The art and skill of directing and cultivating Qi internally is initially subtle and requires patience and development and it’s cultivation is not easily described. However, it’s methods of cultivation can be supported by advanced practitioners through Tai Chi and Qigong practice before the sensations are easily felt by the student. Developing a stronger connection to the presence and movement of Qi is dependant on the regular practice, awareness and sensitivity of each practitioner. Qi or vital energy is inherently present within all of us, with moving meditation forming a basis for recognising its presence and enhancing its effects.
At more advanced levels of practice, Qigong is used to generate a more effective transference of physical effort, particularly when used for martial arts (Wushu). This has been demonstrated through the explosive or resistance techniques demonstrated by grandmasters and other advanced level martial artists around the world.
Wushu Qigong is an important part of Chinese martial arts training, where Qi cultivation is considered a vital source of power and strength. Many extraordinary Wushu Qigong feats have been performed, such as; ‘Iron Shirt’—the ability to withstand severe blows and ‘Iron Palm’—the ability to break hard objects using bare hands.
The following video (of 34th Generation Shaolin Warrior Monk—Shifu (Master) Yang Xiu—Shaolin Xiu) demonstrates Wushu Qigong ‘Iron Throat’ where Qi is slowly drawn into the Lower Dantian (lower abdomen). This action is supported by the breath, body movement and intention before Qi is directed in such a way that creates a force field of power, strength and resilience to any chosen part of the body.
The health benefits available from regular Qigong practice are similar to that of Tai Chi although it can be more accessible than Tai Chi for those suffering limited function or range of movement (due to its more simplistic form sequences). It’s considered a powerful means of cultivating a healthy life, demonstrated by the millions of Chinese citizens who practice various forms of moving meditation in parks and green spaces all over China as well as other parts of the world.
It’s now being embraced by millions of westerners for its health enhancing benefits as well as for exercise, relaxation, meditation, recreation and martial arts training. It purposefully harmonises the yin yang energy balance of the internal organs and body as a whole, harmonising stagnated areas through the redistribution of Qi and taking in Qi that surrounds us to increase vitality—replenishing the internal Qi.
In China, Qigong has been recognised as a standard medical technique since 1989 and is regularly prescribed within Traditional Chinese Medicine (TCM) for the treatment of health conditions such as diabetes mellitus, hypertension, coronary heart disease, chronic liver disease, cancer, lower back and leg pain, chronic fatigue syndrome, cervical spondylitis, menopausal symptoms, peptic ulcer, obesity, myopia and more. TCM is concerned with locating and correcting underlying disharmony in the form of excess or deficiency as a cause for disease. A person is believed to become ill when Qi is diminishing or imbalanced. TCM uses Qigong to harmonise the forces of ying yang, using the flow of Qi through the main energy centres, meridian lines and body systems to reinstate balance.
‘To nourish health and life by distributing Qi, and adjust the posture to facilitate flow. Direct the Qi throughout the body to dredge the channels, moisten the flesh, and regulate the organs.’
Records of Taoist Essence Preservation—Gathering Of Spirit Immortals On Western Mountain (Tweet This)
Tai Chi and Qigong are both considered a safe and cost effective way to exercise and maintain optimum levels of health. However, there is no standard teacher training or licence for instructors, therefore it is best to go by recommendations (where possible). The Tai Chi Union can be a helpful place to begin as it provides a lengthy list of Tai Chi and Qigong instructors in Great Britain. If your unsure, use websites associated with recommended instructors to learn more about their background and training. It’s also recommended that you visit a class before taking part to observe the format and to see if it’s something you’d like to take part in over the longer term. You can also speak with the instructor and students to get more of a feel for the community of people involved.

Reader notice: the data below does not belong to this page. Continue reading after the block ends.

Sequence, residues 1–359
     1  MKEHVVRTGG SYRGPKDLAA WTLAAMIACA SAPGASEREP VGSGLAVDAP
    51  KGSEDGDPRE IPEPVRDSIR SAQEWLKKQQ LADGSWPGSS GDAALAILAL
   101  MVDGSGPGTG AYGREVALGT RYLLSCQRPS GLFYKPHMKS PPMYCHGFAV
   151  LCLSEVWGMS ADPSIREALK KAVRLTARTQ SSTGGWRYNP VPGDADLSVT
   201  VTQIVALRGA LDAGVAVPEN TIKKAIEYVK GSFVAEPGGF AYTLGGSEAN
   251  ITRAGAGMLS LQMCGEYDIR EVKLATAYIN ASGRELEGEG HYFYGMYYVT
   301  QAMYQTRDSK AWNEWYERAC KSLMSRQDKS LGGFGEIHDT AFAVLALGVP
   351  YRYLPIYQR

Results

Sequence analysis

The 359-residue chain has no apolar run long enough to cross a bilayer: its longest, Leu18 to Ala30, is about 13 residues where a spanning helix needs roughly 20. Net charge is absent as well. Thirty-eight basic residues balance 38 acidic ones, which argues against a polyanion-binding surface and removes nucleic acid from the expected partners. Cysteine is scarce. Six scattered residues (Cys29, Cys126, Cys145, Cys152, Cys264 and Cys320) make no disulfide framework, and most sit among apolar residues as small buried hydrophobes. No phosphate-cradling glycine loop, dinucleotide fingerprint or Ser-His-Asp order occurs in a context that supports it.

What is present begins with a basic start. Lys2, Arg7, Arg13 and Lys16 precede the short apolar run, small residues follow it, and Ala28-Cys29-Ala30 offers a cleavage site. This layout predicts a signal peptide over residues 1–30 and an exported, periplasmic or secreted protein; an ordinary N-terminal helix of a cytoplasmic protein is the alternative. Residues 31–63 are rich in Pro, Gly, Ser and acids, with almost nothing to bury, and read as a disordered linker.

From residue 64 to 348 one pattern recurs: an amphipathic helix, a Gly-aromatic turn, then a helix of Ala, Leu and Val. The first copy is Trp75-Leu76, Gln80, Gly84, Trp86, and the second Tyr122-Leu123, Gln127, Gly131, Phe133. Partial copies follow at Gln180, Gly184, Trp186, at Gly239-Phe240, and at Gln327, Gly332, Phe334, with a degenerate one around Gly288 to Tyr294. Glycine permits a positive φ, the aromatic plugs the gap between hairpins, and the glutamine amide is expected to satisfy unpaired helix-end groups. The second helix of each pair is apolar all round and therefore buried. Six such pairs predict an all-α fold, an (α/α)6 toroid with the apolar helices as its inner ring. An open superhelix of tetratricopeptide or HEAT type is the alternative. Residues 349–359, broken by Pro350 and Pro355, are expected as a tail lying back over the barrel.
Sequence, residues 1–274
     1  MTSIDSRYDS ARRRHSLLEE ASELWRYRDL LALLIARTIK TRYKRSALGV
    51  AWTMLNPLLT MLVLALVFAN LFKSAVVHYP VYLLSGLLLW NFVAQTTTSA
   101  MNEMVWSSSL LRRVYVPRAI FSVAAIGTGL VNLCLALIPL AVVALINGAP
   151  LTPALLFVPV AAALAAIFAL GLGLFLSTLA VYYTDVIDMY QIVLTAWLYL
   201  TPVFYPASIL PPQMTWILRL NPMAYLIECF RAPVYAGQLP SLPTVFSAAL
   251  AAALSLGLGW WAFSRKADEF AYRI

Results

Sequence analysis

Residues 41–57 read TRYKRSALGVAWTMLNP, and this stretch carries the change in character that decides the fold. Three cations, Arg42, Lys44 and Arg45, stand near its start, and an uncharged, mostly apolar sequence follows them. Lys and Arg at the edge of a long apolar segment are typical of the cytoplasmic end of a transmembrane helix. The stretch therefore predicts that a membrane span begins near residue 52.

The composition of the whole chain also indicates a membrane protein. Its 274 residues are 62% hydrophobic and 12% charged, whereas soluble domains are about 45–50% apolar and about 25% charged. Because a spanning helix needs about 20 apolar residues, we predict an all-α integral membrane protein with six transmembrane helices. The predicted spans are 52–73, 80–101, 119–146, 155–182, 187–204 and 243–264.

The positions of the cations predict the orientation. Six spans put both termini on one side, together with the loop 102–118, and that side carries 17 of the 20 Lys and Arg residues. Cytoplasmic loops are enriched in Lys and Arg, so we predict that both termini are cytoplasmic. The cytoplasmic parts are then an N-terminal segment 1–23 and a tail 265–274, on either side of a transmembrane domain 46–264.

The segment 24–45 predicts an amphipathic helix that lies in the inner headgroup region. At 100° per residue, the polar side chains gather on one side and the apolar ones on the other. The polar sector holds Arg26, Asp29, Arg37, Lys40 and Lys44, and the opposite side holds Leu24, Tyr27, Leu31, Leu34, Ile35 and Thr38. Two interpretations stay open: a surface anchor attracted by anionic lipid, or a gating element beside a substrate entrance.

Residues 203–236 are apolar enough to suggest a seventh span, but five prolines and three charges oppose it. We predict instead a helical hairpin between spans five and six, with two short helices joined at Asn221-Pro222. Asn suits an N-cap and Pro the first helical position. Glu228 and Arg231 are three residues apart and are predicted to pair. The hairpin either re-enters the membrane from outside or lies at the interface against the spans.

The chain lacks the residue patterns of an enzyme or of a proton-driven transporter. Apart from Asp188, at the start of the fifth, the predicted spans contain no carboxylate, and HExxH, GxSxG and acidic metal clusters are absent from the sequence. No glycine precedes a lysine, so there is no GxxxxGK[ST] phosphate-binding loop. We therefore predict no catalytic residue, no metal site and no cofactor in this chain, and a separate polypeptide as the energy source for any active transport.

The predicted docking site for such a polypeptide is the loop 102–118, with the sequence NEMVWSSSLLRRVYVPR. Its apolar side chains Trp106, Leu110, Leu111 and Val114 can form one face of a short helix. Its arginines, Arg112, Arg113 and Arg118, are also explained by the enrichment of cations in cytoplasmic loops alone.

You’ll need to wear loose comfortable clothing that allows you a free range of motion and shoes that won’t cause you to slip—a comfortable pair of trainers will be fine to begin with. It’s also advisable to take along some Drinking Water to have at the start and end of the class.
Classes typically take place once or twice a week or run as an intensive course over several weeks. Prices vary and there may be additional charges set for annual memberships and insurance.
It’s also recommended that you seek medical advice if you have any pre-existing health complaints that you feel might be an issue—just to be safe.
I began Chen Style Tai Chi and Qigong after 5 years of training in Shaolin Kung Fu. It didn’t take me long at all to feel a strong connection with the practice. It encompasses so many great attributes and has lead to welcomed improvements in mental clarity, focus along with many physical benefits— all occurring pretty quickly!
I have enjoyed the Mindfulness and meditative benefits of Qigong the most, especially when there have been limitations in time and physical space! I have found these disciplines to be particularly enriched by practicing during the morning within natural open green spaces. They really help set the tone to my day. Each time I practice in this way, I leave the pressures and pains of life right there in the park and emerge feeling uplifted, renewed and full of vitality.
I’ve been fortunate enough to have been trained by the 34th Generation Shaolin Disciples featured in this article and have been a faithful student of Shifu Yang (pictured at the top of the page) since January 2014. I can certainly testify to the integrity and power of their training methods and the benefits of these profound forms of moving meditation.
Joining a class will also expose you to a whole new philosophy and way of thinking, while connecting you to a fantastic community of potential friends, role models and people of like mind… it certainly did so for me! If you can find a local class, I would certainly suggest that you take the time out to visit.
You may also be interested in The Ancient Teachings Of ‘Ting’: The Art Of Listening.